The Oracle Problem
If you’re reading this article, you probably already realize that smart contracts have incredible potential to improve the way we do all sorts of things. But a fact which we rarely acknowledge is that for most of the really “interesting” stuff, a smart contract alone won’t cut it. You need a smart contract plus a good oracle.
First, What Is An Oracle, Anyway?
An oracle is just a provider of data. An oracle gives smart contracts answers to questions about the world. In most cases, without an oracle supplying information, there would be no way for a smart contract to be able to know the things it needs to know in order to do its job.
Oracles Are Important
Since an oracle determines what a smart contract sees (i.e. it controls the inputs to the smart contract) it also holds the power to control what the smart contract does in response to these inputs. This means that oracles possess an enormous amount of power when it comes to smart contracts (especially in prediction market contexts). If the oracle is compromised, so is the entire contract; this is one reason why centralized oracle services are not considered a serious solution to “The Oracle Problem” in most cases. To put it simply, as soon as you make a smart contract rely on a single central oracle, you have totally sacrificed any decentralization-related benefits (which makes it arguable whether you should be using a smart contract at all).
In Search of The Perfect Oracle
The Augur team has spent years working towards a decentralized oracle solution. They have developed an intricate model in which token holders can “vote on the truth” and then other token holders can dispute the results of that vote (which is a process that can be iterated). They have also presented relatively solid arguments that this process will reliably converge to truthful oracle outputs, although the model isn’t perfect and unsurprisingly, there is room for improvement.
On the other end of the spectrum there is Gnosis, who have neglected to give a serious treatment to The Oracle Problem at all, instead defining generic “oracle interfaces” and leaving specific implementation details open for others to experiment with. They seem to be hoping (perhaps overoptimistically) that “someone will figure something out eventually” and that they will simply “plug their solution into Gnosis” when everything is said and done. While this approach does have the nice benefit that it makes the Gnosis platform more flexible and future-proof, by not tying them to one particular implementation, it means that if Gnosis are not able to provide a practical initial distributed oracle foundation to build from, it is highly unlikely that the project will ever be able to get past the early stages and grow into something truly useful for the world.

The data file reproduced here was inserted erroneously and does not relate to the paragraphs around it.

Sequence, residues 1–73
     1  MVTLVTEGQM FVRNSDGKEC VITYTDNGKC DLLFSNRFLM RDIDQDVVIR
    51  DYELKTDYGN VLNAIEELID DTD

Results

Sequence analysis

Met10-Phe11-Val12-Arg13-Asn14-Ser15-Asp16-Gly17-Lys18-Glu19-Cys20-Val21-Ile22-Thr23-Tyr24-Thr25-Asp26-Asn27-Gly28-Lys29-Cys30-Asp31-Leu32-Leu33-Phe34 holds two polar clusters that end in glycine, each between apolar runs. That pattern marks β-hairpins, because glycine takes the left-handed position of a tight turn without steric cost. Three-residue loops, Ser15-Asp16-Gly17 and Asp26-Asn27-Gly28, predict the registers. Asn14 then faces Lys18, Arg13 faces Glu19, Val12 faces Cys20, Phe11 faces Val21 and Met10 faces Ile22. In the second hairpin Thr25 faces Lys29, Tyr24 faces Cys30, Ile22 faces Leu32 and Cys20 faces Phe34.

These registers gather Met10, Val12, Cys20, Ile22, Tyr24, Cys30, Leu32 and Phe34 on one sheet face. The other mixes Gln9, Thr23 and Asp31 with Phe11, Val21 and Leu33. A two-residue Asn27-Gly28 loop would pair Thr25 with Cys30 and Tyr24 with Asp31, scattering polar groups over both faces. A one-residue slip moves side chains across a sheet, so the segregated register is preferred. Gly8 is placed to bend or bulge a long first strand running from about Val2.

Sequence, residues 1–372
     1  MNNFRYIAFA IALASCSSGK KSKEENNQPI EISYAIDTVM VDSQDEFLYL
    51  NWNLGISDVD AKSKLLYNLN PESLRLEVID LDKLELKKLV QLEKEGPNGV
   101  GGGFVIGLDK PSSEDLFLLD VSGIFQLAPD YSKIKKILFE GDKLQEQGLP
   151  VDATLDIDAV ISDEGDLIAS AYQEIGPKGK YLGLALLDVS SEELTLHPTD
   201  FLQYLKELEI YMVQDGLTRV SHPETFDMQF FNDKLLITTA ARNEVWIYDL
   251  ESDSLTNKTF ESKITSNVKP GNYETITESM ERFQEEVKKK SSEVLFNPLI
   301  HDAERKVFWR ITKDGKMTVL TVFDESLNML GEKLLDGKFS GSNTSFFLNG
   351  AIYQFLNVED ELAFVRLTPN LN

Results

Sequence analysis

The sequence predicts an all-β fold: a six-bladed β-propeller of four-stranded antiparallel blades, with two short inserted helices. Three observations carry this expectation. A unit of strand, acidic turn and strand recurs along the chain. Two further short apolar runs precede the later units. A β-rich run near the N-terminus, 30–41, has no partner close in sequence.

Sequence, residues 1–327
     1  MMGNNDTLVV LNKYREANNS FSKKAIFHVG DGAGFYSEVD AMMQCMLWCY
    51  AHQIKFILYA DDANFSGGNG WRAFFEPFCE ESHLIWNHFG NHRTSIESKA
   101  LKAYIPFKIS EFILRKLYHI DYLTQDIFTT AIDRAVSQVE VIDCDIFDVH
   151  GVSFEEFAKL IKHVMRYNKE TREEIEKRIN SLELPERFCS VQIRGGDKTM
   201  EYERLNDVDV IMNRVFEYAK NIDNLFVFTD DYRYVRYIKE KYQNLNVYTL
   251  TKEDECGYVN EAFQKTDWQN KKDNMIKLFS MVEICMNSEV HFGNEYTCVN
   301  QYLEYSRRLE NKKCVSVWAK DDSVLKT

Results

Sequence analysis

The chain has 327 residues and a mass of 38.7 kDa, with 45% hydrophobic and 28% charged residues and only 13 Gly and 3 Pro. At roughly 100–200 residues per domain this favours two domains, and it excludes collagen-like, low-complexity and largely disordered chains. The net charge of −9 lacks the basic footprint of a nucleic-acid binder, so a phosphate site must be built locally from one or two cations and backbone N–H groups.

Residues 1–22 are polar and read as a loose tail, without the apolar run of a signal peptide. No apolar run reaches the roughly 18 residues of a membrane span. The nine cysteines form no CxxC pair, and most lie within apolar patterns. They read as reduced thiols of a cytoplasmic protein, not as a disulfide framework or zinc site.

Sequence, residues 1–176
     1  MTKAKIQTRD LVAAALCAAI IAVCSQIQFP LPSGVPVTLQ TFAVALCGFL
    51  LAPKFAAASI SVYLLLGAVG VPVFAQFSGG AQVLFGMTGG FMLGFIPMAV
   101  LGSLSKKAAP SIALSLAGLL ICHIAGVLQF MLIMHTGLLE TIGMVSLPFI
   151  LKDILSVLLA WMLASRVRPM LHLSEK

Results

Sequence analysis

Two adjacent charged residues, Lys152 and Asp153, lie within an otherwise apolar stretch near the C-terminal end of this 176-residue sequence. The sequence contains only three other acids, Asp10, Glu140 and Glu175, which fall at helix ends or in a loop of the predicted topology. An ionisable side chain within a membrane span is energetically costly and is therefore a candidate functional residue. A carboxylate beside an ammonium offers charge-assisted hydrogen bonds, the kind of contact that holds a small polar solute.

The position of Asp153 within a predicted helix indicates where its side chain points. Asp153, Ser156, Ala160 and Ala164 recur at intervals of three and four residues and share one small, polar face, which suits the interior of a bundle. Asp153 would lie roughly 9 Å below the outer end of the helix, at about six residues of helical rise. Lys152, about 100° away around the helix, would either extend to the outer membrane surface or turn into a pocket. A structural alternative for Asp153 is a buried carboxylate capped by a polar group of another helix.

As of right now, Gnosis basically has two “answers” when it comes to The Oracle Problem:
1) Use a centralized oracle (which they expect to be used >99.99% of the time).
2) Use the “Ultimate Oracle” (AKA the “Fallback Oracle”), which ultimately represents Rule By Wealth (where the rich get to bully the poor without any repercussions) rather than any serious attempt at realizing a truthful decentralized oracle solution.
Neither of these options are satisfying, and we don’t think it’s a safe assumption that the market will solve the problem on Gnosis’ behalf, because the fact of the matter is: building a good oracle solution is really hard.
Even so, we think we have an idea of how to do exactly that. On a high level, we’re doing the same thing as Gnosis (providing general oracle interfaces so that our protocol is flexible enough to support any solutions the market is able to come up with), but we’re taking it a step further by laying the foundation for a truly decentralized oracle framework, and providing a robust set of tools for exploring the possibilities within that framework. We call this initiative Pythia.